CET goes underground in south Wales

CET’s Underground Services team recently took on a mammoth project in south Wales to prevent flooding to the property of a Customer, as well as those of their neighbours. Nick St John, Technical Manager, explained more…

“I first attended the Customer’s property at the start of spring, and it was immediately obvious that there a huge volume of water backing up from the ground area and running towards the property. At this point, I undertook a thorough inspection of the property, and it became clear that the floodwater was being intercepted by three open chambers and, although these were fortunately preventing the property from being completely flooded, the situation was a real concern that needed addressing as soon as possible.

US 8“At this time, the home was vacant to allow extensive works to be undertaken by a third-party contractor to stabilise the structural integrity of the property and this involved the pumping of grout beneath the footings. However, it soon became clear that in trying to resolve the issue regarding the structural integrity of the house, the grout had actually entered into pipework systems running underneath and this in-turn had blocked and even caused a collapse of a section of a pipe. It was at this point that I realised what was the cause of the flooding!

“Due to the urgency of the situation and to prevent flooding of the Customer’s property - and indeed a further two neighbouring homes - we decided to commence the removal of the grout through a combination of tanker jetting and cutting equipment. However, when our engineers completed a CCTV inspection this revealed that the pipe was 100% blocked and had fractured in places, meaning that the removal of the grout using through this method just wouldn’t work, and instead it seemed the obvious solution would be to replace the pipe.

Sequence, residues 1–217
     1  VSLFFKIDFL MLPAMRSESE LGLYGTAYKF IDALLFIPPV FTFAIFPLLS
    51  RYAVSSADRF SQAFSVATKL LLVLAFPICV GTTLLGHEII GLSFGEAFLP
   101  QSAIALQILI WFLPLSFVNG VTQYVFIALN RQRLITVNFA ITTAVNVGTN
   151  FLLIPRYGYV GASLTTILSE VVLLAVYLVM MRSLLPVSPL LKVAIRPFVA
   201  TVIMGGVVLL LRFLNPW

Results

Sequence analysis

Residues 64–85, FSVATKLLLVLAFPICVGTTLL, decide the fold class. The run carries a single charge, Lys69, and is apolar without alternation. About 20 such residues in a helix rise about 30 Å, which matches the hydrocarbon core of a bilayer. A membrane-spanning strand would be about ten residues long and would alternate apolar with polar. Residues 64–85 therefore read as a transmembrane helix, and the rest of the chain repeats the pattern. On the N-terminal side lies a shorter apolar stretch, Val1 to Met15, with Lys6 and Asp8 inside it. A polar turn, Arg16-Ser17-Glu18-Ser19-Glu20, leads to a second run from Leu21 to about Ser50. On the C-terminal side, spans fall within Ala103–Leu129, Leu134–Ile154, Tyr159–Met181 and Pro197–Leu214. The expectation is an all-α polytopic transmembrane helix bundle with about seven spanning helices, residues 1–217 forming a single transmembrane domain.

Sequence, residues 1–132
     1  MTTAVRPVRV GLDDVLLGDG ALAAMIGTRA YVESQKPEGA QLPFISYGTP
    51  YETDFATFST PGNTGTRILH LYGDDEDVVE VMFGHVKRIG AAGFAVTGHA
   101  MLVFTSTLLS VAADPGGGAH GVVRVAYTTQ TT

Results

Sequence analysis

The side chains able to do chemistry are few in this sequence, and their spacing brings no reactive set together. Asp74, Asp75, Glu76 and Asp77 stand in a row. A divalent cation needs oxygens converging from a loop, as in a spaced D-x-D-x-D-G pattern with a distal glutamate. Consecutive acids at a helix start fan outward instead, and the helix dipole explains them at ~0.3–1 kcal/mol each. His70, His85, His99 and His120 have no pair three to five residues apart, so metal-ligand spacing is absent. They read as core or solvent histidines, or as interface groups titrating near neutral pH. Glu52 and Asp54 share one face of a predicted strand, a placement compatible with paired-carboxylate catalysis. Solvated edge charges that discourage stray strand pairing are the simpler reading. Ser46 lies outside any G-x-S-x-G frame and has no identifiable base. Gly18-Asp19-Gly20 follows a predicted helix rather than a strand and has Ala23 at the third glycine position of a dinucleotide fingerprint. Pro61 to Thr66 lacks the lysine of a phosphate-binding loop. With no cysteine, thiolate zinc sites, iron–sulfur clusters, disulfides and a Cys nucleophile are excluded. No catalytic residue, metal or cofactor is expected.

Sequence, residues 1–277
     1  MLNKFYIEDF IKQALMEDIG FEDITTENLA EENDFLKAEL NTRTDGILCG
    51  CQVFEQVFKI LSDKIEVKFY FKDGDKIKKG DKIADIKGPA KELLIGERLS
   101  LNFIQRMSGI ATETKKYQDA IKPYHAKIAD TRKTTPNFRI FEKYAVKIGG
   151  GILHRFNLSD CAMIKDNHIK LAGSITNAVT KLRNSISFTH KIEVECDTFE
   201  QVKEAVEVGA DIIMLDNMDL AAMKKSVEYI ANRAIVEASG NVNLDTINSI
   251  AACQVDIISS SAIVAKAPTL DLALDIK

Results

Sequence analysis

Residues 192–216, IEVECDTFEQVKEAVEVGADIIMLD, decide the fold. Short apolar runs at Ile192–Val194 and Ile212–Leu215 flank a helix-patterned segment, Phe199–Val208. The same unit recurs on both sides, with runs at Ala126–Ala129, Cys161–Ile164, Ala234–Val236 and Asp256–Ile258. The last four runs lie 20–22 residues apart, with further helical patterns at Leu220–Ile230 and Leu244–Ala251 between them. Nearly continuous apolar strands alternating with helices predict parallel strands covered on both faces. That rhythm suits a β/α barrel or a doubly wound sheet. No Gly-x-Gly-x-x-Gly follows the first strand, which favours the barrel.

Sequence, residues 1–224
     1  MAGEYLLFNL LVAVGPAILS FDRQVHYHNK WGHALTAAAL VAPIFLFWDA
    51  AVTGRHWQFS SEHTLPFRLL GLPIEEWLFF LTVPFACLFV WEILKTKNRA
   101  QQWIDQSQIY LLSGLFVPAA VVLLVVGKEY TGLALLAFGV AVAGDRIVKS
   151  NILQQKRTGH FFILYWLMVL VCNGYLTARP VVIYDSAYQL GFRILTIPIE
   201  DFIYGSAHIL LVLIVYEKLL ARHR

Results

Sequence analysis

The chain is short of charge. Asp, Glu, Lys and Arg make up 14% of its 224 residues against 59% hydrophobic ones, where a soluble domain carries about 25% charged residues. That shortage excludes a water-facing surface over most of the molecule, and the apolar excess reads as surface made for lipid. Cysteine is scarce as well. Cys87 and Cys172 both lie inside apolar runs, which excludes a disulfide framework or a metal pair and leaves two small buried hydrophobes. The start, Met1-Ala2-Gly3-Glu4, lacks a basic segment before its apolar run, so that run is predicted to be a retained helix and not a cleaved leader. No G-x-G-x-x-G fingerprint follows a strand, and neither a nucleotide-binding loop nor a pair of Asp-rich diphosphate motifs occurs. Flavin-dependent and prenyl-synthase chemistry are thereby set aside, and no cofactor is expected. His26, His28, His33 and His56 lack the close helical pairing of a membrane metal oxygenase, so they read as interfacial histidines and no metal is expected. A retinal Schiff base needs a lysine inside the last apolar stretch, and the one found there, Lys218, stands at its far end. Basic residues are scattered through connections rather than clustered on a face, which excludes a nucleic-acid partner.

US 45“However, this created another problem – how do we remove the pipework? We couldn’t simply excavate what is already there as this would’ve meant taking mechanical equipment into and through the property to remove the entire floor before digging-up the pipes. When we informed the Customer of this potential solution, they understandably wanted to avoid it if at all possible, so we had to find another approach.

“What we agreed upon was to divert the pipe from the rear of the property out to the side, before connecting back into the pipe under the front garden before finally connecting into the public highway. Now we knew this would be a mammoth task to divert the pipework to such an extent but finding the right solution not only in terms of what was best for resolving the issue while causing the least disruption for the Customer was our priority.

US 71“What commenced was a huge undertaking during which we had to leave a pump in operation 24 hours a day in order to prevent flooding. We initially tried to use a generator powered pump but, as anyone who has ever heard one in action will testify, this was very noisy. Although the property that we were working on was empty for the duration we, of course, always look to take into consideration the local community and it was obvious that this couldn’t be used 24/7 without causing inconvenience to neighbours. So, we looked for an alternative solution and we managed to source an electric pump which was much quieter while also working sufficiently to prevent the flooding.

“The completion of the entire operation took a total of 24 days, including weekends, and it was far from a straightforward task with many hurdles which we had to find alternative solutions to. However, not only have we prevented the property itself and those of neighbours from flooding, but we also have a very satisfied Customer, and that is the reward in itself.”